Austin Mayor Steve Adler speaks during a rally to protest anti-LGBT legislation at the Capitol on Saturday.
John Wright
Austin Mayor Steve Adler speaks during a rally to protest anti-LGBT legislation at the Capitol on Saturday.

With only 7 percent of the state’s population, Austin has more than 30 percent of its patents and over half its venture capital, according to Mayor Steve Adler.

That’s partly because the city is known as inclusive, which attracts talented, creative people and the companies that employ them, Adler said.

But Austin’s reputation could be threatened by anti-LGBT proposals in the 84th Texas Legislature, he warned, pointing to recent backlash from businesses over “religious freedom” laws in Indiana and Arkansas.

“Apple is here, Google is here, because the people who work for Apple and Google, they want to live here,” Adler said. “It’s real important that we not go down that path, and it is scary to me that our state Legislature right now is considering doing that.”

Adler was among the speakers Saturday evening at a rally on the south steps of the Capitol to protest a record number of anti-LGBT bills in the Legislature, including proposals similar to the Indiana and Arkansas laws.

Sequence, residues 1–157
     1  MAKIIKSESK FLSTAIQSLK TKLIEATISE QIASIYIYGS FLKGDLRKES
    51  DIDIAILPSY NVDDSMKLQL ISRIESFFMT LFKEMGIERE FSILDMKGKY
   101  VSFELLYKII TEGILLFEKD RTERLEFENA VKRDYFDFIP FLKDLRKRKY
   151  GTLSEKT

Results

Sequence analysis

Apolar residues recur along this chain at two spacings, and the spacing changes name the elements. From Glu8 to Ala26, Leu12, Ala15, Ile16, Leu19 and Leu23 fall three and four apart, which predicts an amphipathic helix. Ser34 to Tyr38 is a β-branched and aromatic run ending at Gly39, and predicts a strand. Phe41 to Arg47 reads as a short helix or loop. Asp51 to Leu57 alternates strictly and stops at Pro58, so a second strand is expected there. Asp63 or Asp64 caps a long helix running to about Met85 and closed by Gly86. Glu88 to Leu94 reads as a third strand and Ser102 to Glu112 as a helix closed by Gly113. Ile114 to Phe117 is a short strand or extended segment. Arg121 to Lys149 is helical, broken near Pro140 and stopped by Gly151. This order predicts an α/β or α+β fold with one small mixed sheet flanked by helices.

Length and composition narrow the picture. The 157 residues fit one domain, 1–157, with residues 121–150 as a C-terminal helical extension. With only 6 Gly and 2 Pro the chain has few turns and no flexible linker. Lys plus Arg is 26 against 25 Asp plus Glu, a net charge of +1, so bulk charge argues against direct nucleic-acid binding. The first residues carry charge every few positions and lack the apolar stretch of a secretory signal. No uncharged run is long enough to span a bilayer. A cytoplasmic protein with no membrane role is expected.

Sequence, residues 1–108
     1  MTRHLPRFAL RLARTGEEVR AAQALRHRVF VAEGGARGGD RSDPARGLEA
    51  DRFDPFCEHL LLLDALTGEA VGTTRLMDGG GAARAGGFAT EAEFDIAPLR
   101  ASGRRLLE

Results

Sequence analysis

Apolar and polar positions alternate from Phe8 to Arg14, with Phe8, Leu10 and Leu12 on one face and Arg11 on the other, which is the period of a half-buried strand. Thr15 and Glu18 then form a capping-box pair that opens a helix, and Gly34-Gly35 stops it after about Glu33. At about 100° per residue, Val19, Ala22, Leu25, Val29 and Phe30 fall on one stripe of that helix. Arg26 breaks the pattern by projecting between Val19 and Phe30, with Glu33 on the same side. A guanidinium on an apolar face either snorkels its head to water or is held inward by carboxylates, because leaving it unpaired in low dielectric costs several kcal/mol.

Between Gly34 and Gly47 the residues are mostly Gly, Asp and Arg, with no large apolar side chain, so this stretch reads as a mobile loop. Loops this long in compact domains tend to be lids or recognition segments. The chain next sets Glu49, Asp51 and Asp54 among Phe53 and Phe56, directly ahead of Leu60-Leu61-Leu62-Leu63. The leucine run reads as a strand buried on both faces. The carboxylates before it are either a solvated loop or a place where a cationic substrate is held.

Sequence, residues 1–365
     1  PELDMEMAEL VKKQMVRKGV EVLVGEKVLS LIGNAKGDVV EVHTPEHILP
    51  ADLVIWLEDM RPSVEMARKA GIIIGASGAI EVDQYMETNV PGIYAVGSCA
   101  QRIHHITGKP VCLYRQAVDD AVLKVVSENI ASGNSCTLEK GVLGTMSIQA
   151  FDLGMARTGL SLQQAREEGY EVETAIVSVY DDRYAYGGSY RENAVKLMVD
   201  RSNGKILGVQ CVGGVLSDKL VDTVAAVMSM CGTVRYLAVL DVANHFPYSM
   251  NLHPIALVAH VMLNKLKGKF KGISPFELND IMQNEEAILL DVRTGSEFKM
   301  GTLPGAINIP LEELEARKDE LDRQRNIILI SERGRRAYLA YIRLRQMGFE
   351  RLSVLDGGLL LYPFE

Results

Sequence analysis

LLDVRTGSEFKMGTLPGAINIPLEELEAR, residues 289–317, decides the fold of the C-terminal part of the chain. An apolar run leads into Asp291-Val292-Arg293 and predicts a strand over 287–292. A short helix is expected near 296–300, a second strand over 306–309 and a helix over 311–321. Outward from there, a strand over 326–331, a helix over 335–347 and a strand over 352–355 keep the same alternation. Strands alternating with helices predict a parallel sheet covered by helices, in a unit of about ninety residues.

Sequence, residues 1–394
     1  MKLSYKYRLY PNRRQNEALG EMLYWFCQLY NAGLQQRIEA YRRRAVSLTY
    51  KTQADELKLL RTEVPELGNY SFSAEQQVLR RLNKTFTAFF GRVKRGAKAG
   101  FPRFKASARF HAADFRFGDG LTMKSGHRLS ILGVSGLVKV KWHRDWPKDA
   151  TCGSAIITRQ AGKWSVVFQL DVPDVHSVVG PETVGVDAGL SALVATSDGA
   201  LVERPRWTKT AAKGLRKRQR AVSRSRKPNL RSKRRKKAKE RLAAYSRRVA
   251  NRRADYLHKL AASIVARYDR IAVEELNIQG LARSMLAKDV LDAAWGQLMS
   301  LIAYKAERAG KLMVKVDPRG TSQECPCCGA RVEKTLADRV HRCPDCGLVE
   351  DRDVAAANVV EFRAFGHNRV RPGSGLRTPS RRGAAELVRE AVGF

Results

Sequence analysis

Activist Omar Lopez waves a Texas-gay Pride hybrid flag during Saturday's rally at the Capitol.
John Wright
Activist Omar Lopez waves a Texas-gay Pride hybrid flag during Saturday’s rally at the Capitol.

Nearly 100 people gathered below a banner reading, “We Are More Than Marriage. Full Equality Now.” With dusk falling, speakers addressed the crowd through a bullhorn while an activist waved a hybrid Texas-gay Pride flag in the light breeze.

The rally, organized by GetEQUAL, was among three this weekend in as many states as part of the group’s #HateOutbreak campaign, inspired by anti-LGBT legislation across the country in response to the spread of same-sex marriage.

Jan Soifer, chair of the Travis County Democratic Party, decried the use of religion to justify discrimination, pointing to proposals like Senate Joint Resolution 10, by Sen. Donna Campbell (R-New Braunfels). Although religious opposition to homosexuality is often rooted in a single verse from the Book of Leviticus, other Old Testament passages forbid things like sex with women who are menstruating, and working on the Sabbath, Soifer said.

“If we adhere to biblical marriage, does that mean we should legalize men having concubines?” Soifer said. “In truth, there is no legitimate religious basis for discrimination against members of the LGBT community, and we must call people who advocate for it in the name of religion what they are. They are bigots, plain and simple, and we must fight bigotry everywhere we see it. … We cannot allow the Texas Legislature to enshrine hatred and discrimination into our laws.”